Preliminary results for survey on technology training

A couple of days ago I posted a Google form asking one simple question.

Estimate how many hours of technology related training occur at your school each year.

After only 2 days up, I’ve received 30 responses, which seem to be from a wide variety of different schools, and almost all of which are from people I’ve never met before.  The preliminary results are posted below, as well excerpts from the comments added by the people completing the surveys.

Number of hours of training Number of respondents
Less than 5 hours 16
5 hours – 10 hours 5
10 hours – 20 hours 1
20 hours – 50 hours 4
More than 50 hours 3

 Some comments below:

  • Training is certainly being offered, but not on a terribly organised basis.  Our head of tech is simply, at present, trying to stimulate more interest.  Training sessions that are setup are poorly attended (3-5 people in general, I’d say).
  • We are fortunate to have a keen staff who want to be trained. We have a marvellous in-house trainer so…it works!
  • There are also other opportunities to receive training at a conference for my subject area, but frequently we are not given permission to attend these conferences due to funding issues or other issues deemed more important than my attendance at one of these conferences. This is called politics.
  • Technology is something [our] school districts love to talk about, but when it comes to spending the money to really get serious…well they would rather fund the football team.
  • Our technology expert was made available to us upon request in order to serve our needs with regard to technology.  This was very useful, as technology training on its own is, in my opinion, quite a waste of time. It’s great to know what’s available, but to spend PD hours en masse to learn about something which you are not immediately going to put into practice is like learning French and having no one to speak to in that language. pretty soon…who remembers?  I had specific questions about setting up projectors and Promethean Boards, and because I learned what I wanted to know, I now regularly use that technology.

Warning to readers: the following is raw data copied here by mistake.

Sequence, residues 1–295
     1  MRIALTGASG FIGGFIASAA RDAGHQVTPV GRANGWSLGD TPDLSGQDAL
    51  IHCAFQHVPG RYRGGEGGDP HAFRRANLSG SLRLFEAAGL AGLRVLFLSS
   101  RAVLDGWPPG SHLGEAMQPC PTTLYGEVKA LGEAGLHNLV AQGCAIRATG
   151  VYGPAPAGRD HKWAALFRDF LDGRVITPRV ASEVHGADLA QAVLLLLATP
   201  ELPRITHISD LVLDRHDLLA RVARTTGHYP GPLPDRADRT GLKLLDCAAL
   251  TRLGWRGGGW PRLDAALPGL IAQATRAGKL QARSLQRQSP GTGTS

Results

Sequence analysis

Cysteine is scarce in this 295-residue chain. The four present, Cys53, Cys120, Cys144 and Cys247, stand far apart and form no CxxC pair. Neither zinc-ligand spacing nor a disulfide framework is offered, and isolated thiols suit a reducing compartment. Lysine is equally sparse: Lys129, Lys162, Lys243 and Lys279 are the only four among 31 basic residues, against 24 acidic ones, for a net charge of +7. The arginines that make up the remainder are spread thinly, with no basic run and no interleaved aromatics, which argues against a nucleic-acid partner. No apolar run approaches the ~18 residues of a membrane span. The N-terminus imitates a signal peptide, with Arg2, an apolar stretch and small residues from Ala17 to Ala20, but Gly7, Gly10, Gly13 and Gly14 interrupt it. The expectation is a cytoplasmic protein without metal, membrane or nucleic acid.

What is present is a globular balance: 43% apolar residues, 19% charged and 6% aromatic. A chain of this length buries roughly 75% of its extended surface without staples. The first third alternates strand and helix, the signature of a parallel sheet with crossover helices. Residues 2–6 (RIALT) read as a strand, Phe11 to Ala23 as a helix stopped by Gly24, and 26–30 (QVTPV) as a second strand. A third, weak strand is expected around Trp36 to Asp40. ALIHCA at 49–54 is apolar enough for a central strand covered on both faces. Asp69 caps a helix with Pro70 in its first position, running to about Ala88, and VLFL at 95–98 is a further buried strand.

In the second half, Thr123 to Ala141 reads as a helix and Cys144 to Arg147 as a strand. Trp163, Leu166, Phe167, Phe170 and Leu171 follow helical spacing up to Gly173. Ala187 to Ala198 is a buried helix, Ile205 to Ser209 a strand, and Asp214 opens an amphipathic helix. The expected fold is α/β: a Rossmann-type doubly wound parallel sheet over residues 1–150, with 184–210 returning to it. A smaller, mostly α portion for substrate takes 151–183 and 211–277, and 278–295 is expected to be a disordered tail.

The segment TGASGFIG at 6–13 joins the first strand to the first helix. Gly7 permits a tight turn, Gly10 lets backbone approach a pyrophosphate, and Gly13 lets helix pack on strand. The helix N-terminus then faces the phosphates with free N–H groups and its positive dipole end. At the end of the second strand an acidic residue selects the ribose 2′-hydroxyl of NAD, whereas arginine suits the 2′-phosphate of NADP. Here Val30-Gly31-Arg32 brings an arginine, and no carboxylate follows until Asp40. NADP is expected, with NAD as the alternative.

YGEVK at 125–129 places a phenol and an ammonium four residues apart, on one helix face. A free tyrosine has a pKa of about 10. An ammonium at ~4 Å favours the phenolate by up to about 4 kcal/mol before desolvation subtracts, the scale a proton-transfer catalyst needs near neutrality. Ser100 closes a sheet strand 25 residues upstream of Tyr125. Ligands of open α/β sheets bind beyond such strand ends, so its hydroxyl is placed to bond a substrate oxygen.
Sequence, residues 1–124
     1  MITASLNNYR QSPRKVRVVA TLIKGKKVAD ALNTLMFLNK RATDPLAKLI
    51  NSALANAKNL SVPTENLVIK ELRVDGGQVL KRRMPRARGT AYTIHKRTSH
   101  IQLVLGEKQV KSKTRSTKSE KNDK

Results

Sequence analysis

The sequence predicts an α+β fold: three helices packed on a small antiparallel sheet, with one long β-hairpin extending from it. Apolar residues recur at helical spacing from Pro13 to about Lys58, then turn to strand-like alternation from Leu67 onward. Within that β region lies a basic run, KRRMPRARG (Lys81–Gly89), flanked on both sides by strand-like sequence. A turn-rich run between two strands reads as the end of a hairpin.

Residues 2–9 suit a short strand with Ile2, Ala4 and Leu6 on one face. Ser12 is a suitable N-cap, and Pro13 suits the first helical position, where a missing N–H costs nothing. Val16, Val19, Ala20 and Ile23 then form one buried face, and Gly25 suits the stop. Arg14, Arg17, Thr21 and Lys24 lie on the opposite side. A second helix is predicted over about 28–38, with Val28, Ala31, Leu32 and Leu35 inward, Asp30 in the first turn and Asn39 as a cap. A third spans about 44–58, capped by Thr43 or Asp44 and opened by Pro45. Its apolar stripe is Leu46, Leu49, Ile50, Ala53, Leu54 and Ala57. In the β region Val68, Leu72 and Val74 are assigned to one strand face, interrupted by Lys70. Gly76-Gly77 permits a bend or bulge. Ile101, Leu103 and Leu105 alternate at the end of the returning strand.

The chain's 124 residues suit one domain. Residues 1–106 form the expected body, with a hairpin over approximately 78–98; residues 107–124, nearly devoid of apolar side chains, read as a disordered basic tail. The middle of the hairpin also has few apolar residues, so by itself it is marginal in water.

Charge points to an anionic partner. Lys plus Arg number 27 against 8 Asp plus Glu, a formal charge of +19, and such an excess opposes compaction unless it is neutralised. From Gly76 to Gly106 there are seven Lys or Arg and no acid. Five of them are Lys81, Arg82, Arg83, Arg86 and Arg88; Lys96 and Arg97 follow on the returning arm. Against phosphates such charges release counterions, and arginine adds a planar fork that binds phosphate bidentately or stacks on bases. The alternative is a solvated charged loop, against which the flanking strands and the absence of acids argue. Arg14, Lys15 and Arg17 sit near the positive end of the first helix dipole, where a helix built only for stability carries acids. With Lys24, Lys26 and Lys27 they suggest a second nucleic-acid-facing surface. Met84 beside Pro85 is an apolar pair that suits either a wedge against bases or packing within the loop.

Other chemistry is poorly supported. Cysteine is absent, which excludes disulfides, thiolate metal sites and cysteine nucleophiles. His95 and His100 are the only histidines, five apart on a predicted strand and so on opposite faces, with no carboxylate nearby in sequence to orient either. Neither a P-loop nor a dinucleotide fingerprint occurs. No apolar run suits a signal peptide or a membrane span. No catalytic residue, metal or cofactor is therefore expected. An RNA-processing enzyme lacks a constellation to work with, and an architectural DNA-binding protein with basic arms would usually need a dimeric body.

• All tech training is self-administered or self-taught among the 6 staff members at my small school.  Basically, it’s minimal if not non-existent.
  • There is usually 0 hours of organized group technology training at my school. If you need help with an issue, a technician is called in or one of the staff members who is considered a "technology expert" would help. You have to take the initiative to ask for help because it won’t be offered. It’s sad but true.
  • Technology training for teachers is costly in our state. Our national economy is so poor that we no longer have the support of the Feds. As a result I have bought pieces of equipment because I knew the district would not reimburse on  teaching items (overhead projectors and pushcart). I’m lucky to have a job!
  • Dozens of courses are available afterschool but taking classes [is] optional.
  • Mostly focuses on MS Office, electronic gradebook, electronic lesson planning.

What is abundantly clear is that most teachers surveyed are in a school where technology training is lacking.  A recent introductory session on one program used at school took an hour at my school.  I was surprised that more than half of respondents indicated they had such little official training at their school.  At my school we spent an entire PD day where we offered 10 different technology related workshops for teachers to choose from (as well as another 10 non-tech workshops).

Any comments?

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